- A man piloted a hollowed-out pumpkin on a 38-mile journey down the Missouri River last week.
- Duane Hansen and his homegrown gourd named "Berta" likely set a new world record in the process.
- He told a local news station that it took him nearly a decade to grow the perfect pumpkin for the trip.
A Nebraska man celebrated his 60th birthday last week by floating down the Missouri River in an 846-pound pumpkin named 'Berta' — and likely setting a new world record in the process.
Duane Hansen grew the giant gourd himself and set off on a 38-mile water journey on Thursday morning from Bellevue, Nebraska, to Nebraska City, Nebraska, in an effort to squash the previously-held 25-mile pumpkin paddle record.
Hansen's nearly 40-mile odyssey, if officially verified by Guinness World Records, would cement him as the world record holder for "longest journey by pumpkin boat."
Berta the gourd boasted a circumference of 146 inches, and once Hansen scooped out the insides of the pumpkin, there was enough room for him to take his mount inside.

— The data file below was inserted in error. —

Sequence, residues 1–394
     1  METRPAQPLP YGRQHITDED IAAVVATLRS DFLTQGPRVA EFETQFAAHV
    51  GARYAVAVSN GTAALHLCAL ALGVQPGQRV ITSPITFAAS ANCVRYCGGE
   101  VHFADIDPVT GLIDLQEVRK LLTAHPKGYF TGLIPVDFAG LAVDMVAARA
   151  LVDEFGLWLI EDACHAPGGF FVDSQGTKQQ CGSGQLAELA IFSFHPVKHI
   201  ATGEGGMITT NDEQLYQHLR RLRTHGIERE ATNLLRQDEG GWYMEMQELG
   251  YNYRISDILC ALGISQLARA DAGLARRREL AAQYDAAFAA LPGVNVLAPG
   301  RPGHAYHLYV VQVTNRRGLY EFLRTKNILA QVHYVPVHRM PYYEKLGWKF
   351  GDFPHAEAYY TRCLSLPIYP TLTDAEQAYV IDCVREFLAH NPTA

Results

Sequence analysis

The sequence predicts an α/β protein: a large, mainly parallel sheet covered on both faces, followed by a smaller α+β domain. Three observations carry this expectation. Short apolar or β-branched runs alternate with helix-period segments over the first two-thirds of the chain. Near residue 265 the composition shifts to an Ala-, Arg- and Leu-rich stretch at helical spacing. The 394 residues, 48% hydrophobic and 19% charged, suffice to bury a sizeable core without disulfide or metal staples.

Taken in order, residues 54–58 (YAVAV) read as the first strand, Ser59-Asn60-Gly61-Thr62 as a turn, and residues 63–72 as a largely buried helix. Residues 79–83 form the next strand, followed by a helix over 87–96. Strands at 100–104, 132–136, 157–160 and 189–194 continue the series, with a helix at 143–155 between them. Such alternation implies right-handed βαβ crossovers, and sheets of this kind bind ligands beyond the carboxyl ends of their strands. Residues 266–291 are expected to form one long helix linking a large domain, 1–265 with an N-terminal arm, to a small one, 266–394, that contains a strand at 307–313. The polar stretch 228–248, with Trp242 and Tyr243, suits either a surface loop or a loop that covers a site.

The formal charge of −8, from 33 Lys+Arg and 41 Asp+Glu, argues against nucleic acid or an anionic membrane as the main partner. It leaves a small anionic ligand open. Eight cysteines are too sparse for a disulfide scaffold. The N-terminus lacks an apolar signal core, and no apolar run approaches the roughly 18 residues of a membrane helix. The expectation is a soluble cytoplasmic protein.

Officials with the City of Bellevue on Facebook announced Hansen's arrival in Nebraska City last week at the conclusion of his 11-hour trip.
"Congratulations Duane for smashing the world record," the city wrote. "We are proud that you started this record breaking 38 mile journey in Bellevue and it's been fun to follow along."
Bellevue officials said in the post that they hadn't originally realized that Hansen himself would be accompanying the pumpkin down the river.
Upon his arrival, Hansen's daughter Morgan Buchholz told News Channel Nebraska that she was proud of her dad.
"He has always said that you can do anything you want and how can you not believe somebody who goes out and does exactly what he wants and I'm just so proud," she told the outlet.
Hansen's journey wasn't all smooth sailing, though. According to the news station, he had to traverse rocky shores and shallow sand bars while on board the "S.S. Berta." Each time he waved to observers on the shore, Hansen reportedly risked tipping into the water.
Hansen told News Channel Nebraska that it took him a decade to grow the perfect pumpkin.
"It's that tough," he said.
But upon conclusion of his journey and the fulfillment of his goal, he assured his wife that his gourd-steering days were done.
"I ain't gonna do this again," he said. "I'm done with this."